The dosage of Amprolium in the medicated feed does not kill all the bugs that cause coccidiosis. It limits the number of bugs but still allows enough to live and reproduce so the chick can develop the immunity it needs. Amprolium is not an antibiotic. It will not kill the probiotics the chick may have in its system. It will not harm the chick in any way. There is nothing wrong with feeding a chick medicated feed, but if the chick has not been exposed to the microbes that cause coccidiosis, it does no good either.

    The microbe that causes coccidiosis thrives in wet soil, especially wet manure. A little damp is not bad but a wet brooder, coop, or run can be a source of danger, especially if they have not developed immunity and it is a little warm. When the weather sets in wet there may not be much you can do with your run. That’s a time to watch them closely.

    A common occurrence on this forum is where someone feeds medicated feed to chicks in the brooder that have never been exposed to the coccidiosis bugs, then stops the medicated feed just when they go outside and come into contact with the bugs for the first time. Especially if the weather is wet, those chicks can get real sick. If you use medicated feed, it needs to be used for about three weeks when they first come in contact with that coccidiosis bug to help protect them. They can still get sick on medicated feed. There are some strains of coccidiosis that are stronger than others or if the brooder or run is wet, they are still at risk. The medicated feed makes it a lot less likely that coccidiosis will be a problem, but it is not a guarantee.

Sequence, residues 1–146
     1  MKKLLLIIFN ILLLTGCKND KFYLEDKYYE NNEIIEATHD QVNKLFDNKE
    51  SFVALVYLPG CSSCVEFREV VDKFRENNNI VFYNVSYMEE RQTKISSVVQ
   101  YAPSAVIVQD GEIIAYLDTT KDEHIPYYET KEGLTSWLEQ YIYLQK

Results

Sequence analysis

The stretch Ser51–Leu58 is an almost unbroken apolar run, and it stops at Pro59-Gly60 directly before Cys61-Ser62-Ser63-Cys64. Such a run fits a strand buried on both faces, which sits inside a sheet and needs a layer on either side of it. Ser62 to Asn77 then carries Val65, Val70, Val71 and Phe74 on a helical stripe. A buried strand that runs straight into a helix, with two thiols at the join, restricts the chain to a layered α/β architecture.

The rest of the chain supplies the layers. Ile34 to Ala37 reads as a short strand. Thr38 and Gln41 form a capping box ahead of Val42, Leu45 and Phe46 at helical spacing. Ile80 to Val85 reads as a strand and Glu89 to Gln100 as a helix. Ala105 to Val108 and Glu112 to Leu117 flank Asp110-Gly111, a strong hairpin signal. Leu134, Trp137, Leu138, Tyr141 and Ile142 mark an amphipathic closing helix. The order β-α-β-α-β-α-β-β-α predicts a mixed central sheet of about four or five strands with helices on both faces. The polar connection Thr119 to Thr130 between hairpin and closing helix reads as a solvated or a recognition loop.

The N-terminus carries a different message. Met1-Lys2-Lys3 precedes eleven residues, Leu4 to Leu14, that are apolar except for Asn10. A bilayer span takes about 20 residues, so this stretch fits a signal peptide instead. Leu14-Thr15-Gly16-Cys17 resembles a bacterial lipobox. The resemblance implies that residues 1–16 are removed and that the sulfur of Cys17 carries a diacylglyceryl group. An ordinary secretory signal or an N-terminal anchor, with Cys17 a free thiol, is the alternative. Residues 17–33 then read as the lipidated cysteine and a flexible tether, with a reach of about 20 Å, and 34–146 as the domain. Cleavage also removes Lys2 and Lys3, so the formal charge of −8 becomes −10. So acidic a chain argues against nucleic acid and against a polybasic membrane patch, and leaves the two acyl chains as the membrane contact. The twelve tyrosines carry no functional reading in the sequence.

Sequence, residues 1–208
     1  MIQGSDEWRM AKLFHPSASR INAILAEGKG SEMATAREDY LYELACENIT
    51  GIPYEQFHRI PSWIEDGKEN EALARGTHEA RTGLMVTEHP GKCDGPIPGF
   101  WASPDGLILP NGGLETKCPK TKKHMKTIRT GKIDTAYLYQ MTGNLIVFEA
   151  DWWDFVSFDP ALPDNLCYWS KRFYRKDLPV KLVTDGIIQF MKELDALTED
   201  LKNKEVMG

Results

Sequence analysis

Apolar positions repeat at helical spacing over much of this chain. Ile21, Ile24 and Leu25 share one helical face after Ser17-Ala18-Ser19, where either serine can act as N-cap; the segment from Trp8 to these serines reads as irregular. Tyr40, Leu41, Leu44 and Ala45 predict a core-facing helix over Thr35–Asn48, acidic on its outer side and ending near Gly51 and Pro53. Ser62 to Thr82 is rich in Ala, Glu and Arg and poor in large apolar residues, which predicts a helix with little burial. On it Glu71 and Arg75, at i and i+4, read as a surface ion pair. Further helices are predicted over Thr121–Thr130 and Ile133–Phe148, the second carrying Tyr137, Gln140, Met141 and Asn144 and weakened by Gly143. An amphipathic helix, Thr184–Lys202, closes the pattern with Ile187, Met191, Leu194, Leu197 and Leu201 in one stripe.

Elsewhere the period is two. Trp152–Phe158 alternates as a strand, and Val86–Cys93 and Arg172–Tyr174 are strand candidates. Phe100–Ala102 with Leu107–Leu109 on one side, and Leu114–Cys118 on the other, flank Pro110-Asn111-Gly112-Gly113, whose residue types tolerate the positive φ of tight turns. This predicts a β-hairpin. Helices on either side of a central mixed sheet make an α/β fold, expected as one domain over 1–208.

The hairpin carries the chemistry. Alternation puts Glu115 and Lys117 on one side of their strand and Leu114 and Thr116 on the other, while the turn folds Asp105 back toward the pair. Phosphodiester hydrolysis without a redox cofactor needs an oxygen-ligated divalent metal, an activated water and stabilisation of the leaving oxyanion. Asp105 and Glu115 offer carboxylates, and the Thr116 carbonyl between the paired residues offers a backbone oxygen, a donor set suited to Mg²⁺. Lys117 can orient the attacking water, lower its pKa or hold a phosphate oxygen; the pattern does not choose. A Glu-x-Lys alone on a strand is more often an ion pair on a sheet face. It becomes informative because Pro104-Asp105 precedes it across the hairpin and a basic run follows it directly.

I don’t use medicated feed. The way I handle it is to take dirt from the run and feed it to them in the brooder starting around day 2 or 3. I don’t feed them a lot of dirt but feed them some every two or three days to keep a steady supply of those bugs so they can develop immunity. This also gives them grit and passes on any probiotics the adult birds have in their systems. My brooder is too dry to rely on them passing on a steady supply of microbes to each other through them eating each other’s damp poop. Chickens eating each other’s poop is how they develop flock immunities and share probiotics, by the way. It’s a good thing, not a horrible yucky thing.

    I don’t know if that chicken has developed immunity or not but from what you describe I don’t think it is in mortal danger. You should always keep an eye on them but I really would not worry.
     
    1 person likes this.
  8. MyPetNugget

    MyPetNugget Enjoying the cold!!!

    They have been free ranging ever since they were 2 weeks old. I let them out when I can ( when there are no hawks). They have never had any problems.
     
  9. MyPetNugget

    MyPetNugget Enjoying the cold!!!

    Here it gets below zero in the winter and over one hundred in the summer. Right now it's 30 degrees